Lakeview students join Junior Rangers in rehabilitating Manitoulin Streams

Junior Rangers haul scrap metal from the stream.

M’CHIGEENG—The staff at Manitoulin Streams were kept hopping recently as students from Lakeview School in M’Chigeeng and a group of Stewardship Rangers in Kagawong provided the sweat equity in Island stream rehabilitation projects.

“Each year the Grade 8 Lakeview students have initiated working on M’Chigeeng Creek flowing into West Bay to restore a portion of the stream for migrating salmon and rainbow trout,” said Manitoulin Streams project coordinator Seija Deschenes. “By hand they shoveled gravel and cobble into buckets and placed it into the stream to create spawning habitat for the fish. They also put in wing constrictors to increase the flow of the stream to scour out sediment.” But the students didn’t stop there, she noted. “They planted 300 trees along the shoreline and conducted a stream cleanup removing wooden pallets, tires and garbage. Great bunch of students to work with!”

Meanwhile, a hardy bunch of Stewardship Rangers were scouring the shores of the Kagawong River below Bridal Veil Falls, digging and pulling out chunks of metal and cleaning up refuse as part of a project on that stream.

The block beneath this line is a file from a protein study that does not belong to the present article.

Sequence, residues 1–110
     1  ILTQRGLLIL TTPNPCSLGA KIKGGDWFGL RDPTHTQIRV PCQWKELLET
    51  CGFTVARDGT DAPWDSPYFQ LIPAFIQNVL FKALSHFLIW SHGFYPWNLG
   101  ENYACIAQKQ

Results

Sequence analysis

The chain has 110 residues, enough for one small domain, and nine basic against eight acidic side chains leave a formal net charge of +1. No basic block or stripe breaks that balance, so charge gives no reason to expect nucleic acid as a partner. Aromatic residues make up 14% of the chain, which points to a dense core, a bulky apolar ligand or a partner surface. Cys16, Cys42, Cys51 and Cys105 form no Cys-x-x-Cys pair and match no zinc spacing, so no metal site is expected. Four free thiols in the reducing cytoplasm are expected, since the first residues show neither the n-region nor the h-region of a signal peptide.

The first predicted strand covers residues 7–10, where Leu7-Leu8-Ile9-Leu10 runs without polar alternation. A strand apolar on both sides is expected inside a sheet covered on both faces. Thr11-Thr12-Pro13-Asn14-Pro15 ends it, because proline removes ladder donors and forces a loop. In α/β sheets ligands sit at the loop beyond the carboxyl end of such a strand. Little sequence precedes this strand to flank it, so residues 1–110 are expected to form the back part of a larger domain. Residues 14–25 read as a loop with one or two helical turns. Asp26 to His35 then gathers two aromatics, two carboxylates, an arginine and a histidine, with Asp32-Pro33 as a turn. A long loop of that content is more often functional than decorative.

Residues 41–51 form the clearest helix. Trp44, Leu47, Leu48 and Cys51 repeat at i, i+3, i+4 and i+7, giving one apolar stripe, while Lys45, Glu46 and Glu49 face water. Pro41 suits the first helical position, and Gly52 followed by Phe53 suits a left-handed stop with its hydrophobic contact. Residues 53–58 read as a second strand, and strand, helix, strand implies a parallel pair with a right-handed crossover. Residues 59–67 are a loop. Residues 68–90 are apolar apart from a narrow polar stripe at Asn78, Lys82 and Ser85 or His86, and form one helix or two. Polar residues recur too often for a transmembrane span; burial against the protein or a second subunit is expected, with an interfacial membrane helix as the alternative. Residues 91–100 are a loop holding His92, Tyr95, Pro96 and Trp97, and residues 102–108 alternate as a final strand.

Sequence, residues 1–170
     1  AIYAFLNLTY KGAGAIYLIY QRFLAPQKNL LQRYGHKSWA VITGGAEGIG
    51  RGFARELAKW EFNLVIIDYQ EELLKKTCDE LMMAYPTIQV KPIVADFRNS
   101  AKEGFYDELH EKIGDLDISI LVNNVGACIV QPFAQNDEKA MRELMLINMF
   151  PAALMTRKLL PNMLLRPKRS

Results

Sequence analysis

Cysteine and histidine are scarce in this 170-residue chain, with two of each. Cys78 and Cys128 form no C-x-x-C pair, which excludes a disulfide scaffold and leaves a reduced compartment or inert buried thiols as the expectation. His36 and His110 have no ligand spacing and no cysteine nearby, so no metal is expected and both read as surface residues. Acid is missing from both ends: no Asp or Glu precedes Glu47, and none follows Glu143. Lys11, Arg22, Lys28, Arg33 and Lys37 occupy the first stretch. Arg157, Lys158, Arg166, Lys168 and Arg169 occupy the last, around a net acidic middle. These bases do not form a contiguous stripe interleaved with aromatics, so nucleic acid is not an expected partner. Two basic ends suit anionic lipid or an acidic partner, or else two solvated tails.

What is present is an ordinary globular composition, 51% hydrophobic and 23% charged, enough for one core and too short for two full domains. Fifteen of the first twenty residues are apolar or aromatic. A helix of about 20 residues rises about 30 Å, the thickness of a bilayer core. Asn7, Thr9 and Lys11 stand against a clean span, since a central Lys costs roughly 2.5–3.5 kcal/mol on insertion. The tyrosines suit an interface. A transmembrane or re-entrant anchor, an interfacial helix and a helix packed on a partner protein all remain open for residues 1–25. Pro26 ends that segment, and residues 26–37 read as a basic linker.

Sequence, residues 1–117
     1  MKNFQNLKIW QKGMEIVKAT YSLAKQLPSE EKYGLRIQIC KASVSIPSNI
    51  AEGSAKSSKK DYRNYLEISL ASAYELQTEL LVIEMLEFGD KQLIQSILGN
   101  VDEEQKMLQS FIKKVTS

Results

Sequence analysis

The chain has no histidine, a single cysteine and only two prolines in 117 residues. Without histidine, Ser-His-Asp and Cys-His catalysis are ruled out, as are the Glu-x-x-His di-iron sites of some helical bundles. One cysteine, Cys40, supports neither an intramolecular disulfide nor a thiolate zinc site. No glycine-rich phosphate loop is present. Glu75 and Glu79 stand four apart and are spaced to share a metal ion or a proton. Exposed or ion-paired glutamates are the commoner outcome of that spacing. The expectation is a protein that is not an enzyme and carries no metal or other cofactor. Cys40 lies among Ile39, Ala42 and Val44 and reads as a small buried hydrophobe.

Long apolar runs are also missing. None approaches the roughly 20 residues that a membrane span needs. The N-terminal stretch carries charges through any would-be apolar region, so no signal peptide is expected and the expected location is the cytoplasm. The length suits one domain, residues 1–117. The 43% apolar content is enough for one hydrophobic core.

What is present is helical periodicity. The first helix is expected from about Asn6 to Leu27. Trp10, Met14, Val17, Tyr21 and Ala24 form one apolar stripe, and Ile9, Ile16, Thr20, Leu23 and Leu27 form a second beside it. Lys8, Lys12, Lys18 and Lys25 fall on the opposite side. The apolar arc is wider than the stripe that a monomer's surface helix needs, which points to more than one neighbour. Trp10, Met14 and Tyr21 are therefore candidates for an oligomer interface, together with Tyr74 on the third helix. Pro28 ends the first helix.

“There were so many people stopping to congratulate the young people on the work they were doing,” noted Manitoulin Streams’ Sue Meert. “It was really nice to see young people being given credit for the work they were doing.”

“Lots of metal and glass were removed, and we found a bottle that was dated 1873 with a cork and, we think, booze in it still,” said Ms. Deschenes. “We gave it to the museum in Kagawong.”

Among the efforts being worked on in the stream at Kagawong was a cofferdam that was constructed to divert the water down another channel so that construction of the shoreline banks with root wads and boulders could start to take place, explained Ms. Deschenes.

“Construction will take place the rest of this week, and we advise the public to not go past the barriers that we have installed so that they are not within the construction site while the machinery is operating,” said Ms. Deschenes. “We also planted 507 trees along the Grimesthorpe Creek, where we are installing fencing to restrict livestock access and are providing a livestock watering ramp.”

The hardy Stewardship Rangers were undaunted by the weather. “It was pouring rain that day and the Stewardship Rangers were great, and there was lots of laughter going on as we were drenched by the rainfall,” said Ms. Deschenes. “The trees were funded by TD Friends of the Environment.”

It is important that onlookers and visitors to the work sites refrain from crossing safety barriers as work must stop when they do and there is much that needs to be done.